Understanding Alzheimer’s Disease Before It’s Too Late

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Muhammad Ikramullah, a college professor by profession, takes care of his 90-year-old father like a two-year-old child who requires round the clock care.

“My life could be a lot easier even if he acted like a five-year-old because a five-year-old child does understand what is being said while my father doesn’t,” says, 52-year-old Ikramullah.

It was 2008 when 82-year-old Ikramullah’s father first started showing symptoms of Alzheimer’s disease. “We thought it was old age and didn’t pay much attention, but after two years when our mother passed away in 2010, he refused to admit her demise and kept calling for her,” he says.

After these episodes became frequent, Ikramullah and his siblings took their father to a psychiatrist who prescribed medicines but they were of no help. Their father was diagnosed with a severe stage of Alzheimer’s and his condition turned from bad to worse over the years.

Taking Alzheimer’s seriously

Dr Muhammad Wasay, neurologist at the Aga Khan University, explains that Alzheimer’s is a form of dementia that mainly occurs in aging people. Around 10-15% of aging people suffer from it while around 30% are over the age of 80.

“It is important to educate people that if your parents or grandparents suffer from a memory loss they need to take it seriously and consult a neurologist immediately,” he says.

Most people bring their parents to us, says Dr Wasay, when they are in a severe stage of the disease but it’s too late then and symptoms cannot be treated.  “Only when the patient becomes difficult to handle and requires a 24-hours intensive care do family members think of taking them to a neurologist,” he adds.

As a result, early intervention is important and for that there is a need to create awareness among masses that memory loss at old age is an illness and is preventable, though not curable.

“This disease can be treated with right medication so that it progresses slowly and the patient remains functional,” says Dr Wasay.

Alzheimer’s disease has three stages: mild, moderate and severe. Dr Wasay explains if mild Alzheimer’s is not treated, it transforms into moderate symptoms in three to five years.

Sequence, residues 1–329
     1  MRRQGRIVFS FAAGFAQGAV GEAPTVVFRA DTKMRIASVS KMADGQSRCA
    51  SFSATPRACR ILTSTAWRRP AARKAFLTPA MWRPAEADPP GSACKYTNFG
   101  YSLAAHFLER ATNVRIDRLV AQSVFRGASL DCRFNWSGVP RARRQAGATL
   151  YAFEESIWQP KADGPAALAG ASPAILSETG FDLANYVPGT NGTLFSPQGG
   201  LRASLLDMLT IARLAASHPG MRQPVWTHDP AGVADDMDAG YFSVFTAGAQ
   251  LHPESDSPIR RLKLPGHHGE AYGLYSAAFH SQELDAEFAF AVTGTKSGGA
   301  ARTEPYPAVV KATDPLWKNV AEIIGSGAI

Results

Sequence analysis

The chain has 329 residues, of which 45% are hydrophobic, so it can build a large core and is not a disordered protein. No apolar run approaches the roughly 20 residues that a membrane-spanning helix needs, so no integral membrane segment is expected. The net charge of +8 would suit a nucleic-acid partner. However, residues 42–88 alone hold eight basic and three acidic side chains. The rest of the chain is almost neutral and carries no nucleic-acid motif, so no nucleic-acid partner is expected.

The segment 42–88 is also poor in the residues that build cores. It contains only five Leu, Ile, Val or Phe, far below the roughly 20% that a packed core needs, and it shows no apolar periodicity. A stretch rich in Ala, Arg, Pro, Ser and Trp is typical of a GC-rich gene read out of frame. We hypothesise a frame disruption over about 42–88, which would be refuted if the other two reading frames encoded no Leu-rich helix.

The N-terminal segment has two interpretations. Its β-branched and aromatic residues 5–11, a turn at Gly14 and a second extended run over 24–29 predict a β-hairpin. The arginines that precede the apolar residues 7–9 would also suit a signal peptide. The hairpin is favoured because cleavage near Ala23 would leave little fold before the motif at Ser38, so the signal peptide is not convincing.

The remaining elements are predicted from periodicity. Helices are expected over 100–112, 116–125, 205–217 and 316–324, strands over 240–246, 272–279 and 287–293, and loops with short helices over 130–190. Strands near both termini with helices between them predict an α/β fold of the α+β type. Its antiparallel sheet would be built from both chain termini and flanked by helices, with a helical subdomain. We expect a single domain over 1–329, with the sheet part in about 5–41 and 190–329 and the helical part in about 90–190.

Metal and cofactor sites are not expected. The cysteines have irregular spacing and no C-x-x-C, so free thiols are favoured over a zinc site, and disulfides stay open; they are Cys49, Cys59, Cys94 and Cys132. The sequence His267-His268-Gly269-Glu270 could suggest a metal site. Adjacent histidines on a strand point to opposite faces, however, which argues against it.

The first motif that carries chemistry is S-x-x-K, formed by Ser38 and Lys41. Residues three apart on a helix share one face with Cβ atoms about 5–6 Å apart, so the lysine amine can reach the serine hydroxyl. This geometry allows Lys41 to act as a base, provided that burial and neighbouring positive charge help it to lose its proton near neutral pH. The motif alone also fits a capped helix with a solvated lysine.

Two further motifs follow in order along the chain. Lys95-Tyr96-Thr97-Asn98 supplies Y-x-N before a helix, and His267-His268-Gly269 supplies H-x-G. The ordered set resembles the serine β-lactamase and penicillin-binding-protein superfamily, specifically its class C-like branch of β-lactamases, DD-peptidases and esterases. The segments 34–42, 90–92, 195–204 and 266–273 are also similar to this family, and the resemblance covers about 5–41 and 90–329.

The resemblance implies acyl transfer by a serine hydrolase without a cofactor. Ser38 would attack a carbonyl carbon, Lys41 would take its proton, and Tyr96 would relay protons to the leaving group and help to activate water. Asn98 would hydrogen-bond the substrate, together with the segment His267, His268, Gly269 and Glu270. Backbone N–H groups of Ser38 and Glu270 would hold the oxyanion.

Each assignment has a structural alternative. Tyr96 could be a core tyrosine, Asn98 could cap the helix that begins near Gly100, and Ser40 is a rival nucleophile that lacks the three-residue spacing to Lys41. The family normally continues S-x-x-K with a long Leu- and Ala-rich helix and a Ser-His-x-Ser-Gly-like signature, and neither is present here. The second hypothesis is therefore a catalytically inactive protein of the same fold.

Similarly, if that remains untreated it can turn to severe in the next three to five years.  “In severe Alzheimer’s a patient becomes totally dependent on his/her family. They cannot even eat or go to the restroom. Simply put, they become like a toddler who requires round the clock care.”

Other symptoms of severe Alzheimer’s include lack of bladder and bowel control, weight loss, seizures, skin infections, groaning, moaning, or grunting and difficulty swallowing.

Dr Wasay also mentions that Alzheimer’s is a degenerate disease and there are no main causes. As a person gets old his/her neurons start dying and in Alzheimer’s the memory is affected.

It is also pertinent to note that Alzheimer’s does not run in the family and perhaps only 5% of the disease transfers into family members. “In the world, women’s life expectancy is higher than men so women are at a higher risk of Alzheimer’s than men.”

Moroever, people diagnosed with cardiovascular disease or ones at a risk of it have a higher chance of being diagnosed with Alzheimer’s.

Social implications for caregivers

Taking care of an Alzheimer’s patient is emotionally, mentally and physically draining as there is no support by the government, says Psychiatrist Dr Nazila Bano Khalid. Therefore, the onus is on someone in the family who takes care of the patient.

“We need to educate caregivers that they should not shy away from seeking help from other family members or even neighbors. It is our family value to take care of our parents so we work selflessly and forget ourselves, but caregivers should seek help and take care of themselves too.”

For Ikramullah there are days when he thinks life doesn’t have much to offer him, except anger and sadness. And for people like him, Dr Khalid advises that they need to strengthen their social network so that they feel strong.

“If a caregiver’s aggression and sadness continue, (s)he may burn out. Hence, they should not shy away from seeking professional help.”

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